That $4 trillion could transform every school in the country, provide health care for all, provide housing for millions, end food insecurity and upend the kind of economic inequality that produces crime. But while it was determined that the banks were too big to fail, our public schools, hospitals and other vital institutions were and continue to be too insignificant to save.
Instead of money, wealth and other resources being dedicated to eradicating poverty, we get policing and more policing. And the logic of policing only begets more policing as elected officials create political value out of rising arrest rates and falling crime rates by aggressively tracking policing statistics and turning them into campaign fodder. Police are rewarded not for stopping crime, but for making arrests.
Finally, as revenue streams have tightened in American cities, as no American politician will take responsibility for raising taxes, law enforcement has become a de facto way for municipalities to raise funds on the backs of the politically weak and vulnerable. In Chicago, there are red light cameras, endless tickets, fines and fees. New York City profited $10 million a week from parking tickets. The city also made almost $1 billion a year in court and administrative fines.
These, of course, create incentives for the police to target people and entire neighborhoods as sources of income for the city. And encounters with the police of this nature, of course, drag people into the criminal justice system, thereby making it even harder to get a job or maintain any level of economic stability.
In other words, ending police terrorism also means recognizing it as the logical outcome of a brutal society that willfully turns a blind eye to inequality and injustice. It means that police brutality and murder are not the products of "bad police," but they are built into a system that actually has no solution to poverty, racism and inequality. Instead, the system and its representatives manage the products of inequality.
It is for this reason that there has never been a golden age of policing that any of us can point to as a place to get back to when the police were not violent and abusive. Such a period does not exist.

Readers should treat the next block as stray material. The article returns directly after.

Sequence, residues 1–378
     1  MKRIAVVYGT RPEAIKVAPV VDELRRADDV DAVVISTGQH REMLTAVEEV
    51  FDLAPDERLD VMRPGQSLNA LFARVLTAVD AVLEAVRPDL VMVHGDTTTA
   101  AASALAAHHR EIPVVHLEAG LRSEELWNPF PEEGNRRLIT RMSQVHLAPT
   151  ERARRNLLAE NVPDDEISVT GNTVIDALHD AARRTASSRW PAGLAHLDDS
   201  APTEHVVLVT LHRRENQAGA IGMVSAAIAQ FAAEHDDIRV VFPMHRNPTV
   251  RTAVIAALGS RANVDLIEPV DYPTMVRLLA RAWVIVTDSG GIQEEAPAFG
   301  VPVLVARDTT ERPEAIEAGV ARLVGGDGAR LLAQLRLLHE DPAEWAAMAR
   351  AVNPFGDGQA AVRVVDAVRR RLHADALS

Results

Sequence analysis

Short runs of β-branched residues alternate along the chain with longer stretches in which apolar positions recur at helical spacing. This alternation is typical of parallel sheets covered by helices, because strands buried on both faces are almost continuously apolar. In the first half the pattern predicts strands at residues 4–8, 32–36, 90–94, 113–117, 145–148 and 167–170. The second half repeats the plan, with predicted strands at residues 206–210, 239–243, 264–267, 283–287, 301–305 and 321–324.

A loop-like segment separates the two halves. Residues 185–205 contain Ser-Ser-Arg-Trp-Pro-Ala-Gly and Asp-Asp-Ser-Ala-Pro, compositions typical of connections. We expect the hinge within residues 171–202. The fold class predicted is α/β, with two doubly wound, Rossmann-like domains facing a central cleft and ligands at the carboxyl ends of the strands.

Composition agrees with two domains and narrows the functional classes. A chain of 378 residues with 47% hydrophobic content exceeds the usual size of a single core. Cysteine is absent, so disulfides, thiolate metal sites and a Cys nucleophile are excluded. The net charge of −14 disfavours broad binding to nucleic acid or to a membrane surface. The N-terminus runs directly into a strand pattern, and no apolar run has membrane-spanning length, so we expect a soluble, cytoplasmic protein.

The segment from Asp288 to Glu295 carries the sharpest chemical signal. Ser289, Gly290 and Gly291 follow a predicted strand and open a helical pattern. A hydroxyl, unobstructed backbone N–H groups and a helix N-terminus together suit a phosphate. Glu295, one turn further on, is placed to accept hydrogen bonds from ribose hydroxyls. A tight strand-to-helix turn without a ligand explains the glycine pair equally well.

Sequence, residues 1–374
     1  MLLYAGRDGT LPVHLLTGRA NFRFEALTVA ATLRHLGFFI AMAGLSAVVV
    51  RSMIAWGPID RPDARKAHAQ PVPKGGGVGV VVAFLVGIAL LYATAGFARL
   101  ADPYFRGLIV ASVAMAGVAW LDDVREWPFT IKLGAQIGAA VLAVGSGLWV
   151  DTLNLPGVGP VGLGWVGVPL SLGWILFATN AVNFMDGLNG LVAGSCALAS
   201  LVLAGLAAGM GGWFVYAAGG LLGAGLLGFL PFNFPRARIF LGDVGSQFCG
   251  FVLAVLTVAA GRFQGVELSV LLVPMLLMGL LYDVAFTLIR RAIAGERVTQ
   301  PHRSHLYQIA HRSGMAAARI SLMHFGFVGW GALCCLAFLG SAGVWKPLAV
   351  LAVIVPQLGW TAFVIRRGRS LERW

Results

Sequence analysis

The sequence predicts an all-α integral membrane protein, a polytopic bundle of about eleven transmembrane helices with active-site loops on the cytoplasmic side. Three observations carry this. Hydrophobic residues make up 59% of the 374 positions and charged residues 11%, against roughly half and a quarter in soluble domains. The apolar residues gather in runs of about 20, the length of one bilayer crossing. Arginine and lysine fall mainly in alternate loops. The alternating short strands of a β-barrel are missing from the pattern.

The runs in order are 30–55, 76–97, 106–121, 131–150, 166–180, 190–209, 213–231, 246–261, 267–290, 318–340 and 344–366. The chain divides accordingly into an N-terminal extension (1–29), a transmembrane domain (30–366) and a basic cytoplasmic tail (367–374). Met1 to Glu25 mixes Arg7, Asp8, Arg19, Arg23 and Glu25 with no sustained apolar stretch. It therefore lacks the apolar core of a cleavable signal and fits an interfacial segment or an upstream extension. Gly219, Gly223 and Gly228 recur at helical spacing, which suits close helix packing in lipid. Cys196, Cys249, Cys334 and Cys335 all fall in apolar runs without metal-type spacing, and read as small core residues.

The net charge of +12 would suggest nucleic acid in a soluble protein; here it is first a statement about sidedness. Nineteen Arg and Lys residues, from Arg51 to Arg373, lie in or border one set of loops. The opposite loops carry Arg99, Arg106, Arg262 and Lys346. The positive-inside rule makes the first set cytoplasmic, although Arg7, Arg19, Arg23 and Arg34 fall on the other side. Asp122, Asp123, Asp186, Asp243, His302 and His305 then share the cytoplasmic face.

What then can we do? The systemic violence of the police does not mean that the movement is helpless. Our movement should fight for the resources and programs that would minimize the pretext for police in our neighborhoods — good-paying jobs with benefits, fully funded public institutions. Instead of paying for police, we should be paying to rebuild the public and civic infrastructure of our cities.
We should also be fighting to decriminalize the growing list of so-called offenses that serve no other purpose than to put people under the control of the criminal justice system: from the possession of marijuana, to feeding the homeless, to sleeping in your car, to begging for money. We have to end the American obsession with criminalization as a form of social control.
But perhaps most importantly we must continue to build the movement.
What does this mean in this era? At the end of the 1960s, it was almost a common sense that the Black movement should and would be all Black. But the most significant transformation in Black life in the last 40 years has been the emergence of intense class differences among African Americans, which in turn have given way to deep political differences.
As we come upon the one-year anniversary of the Baltimore Rebellion, there is not a better example of how these differences express themselves. Not only does Baltimore have a Black mayor, police chief and state's attorney, but this amassing of local Black power is happening within the context of the greatest concentration of Black political power in the nation's history.
Today, there is a Black president and a Black attorney general, not to mention the thousands of Black elected officials in cities and states around the country. There are 43 Black members of Congress — the highest number in American history.
It is clear that a layer of Blacks have been fully absorbed and integrated into American capitalism, and they, like the president, can be the most vociferous when denouncing poor and working-class African Americans.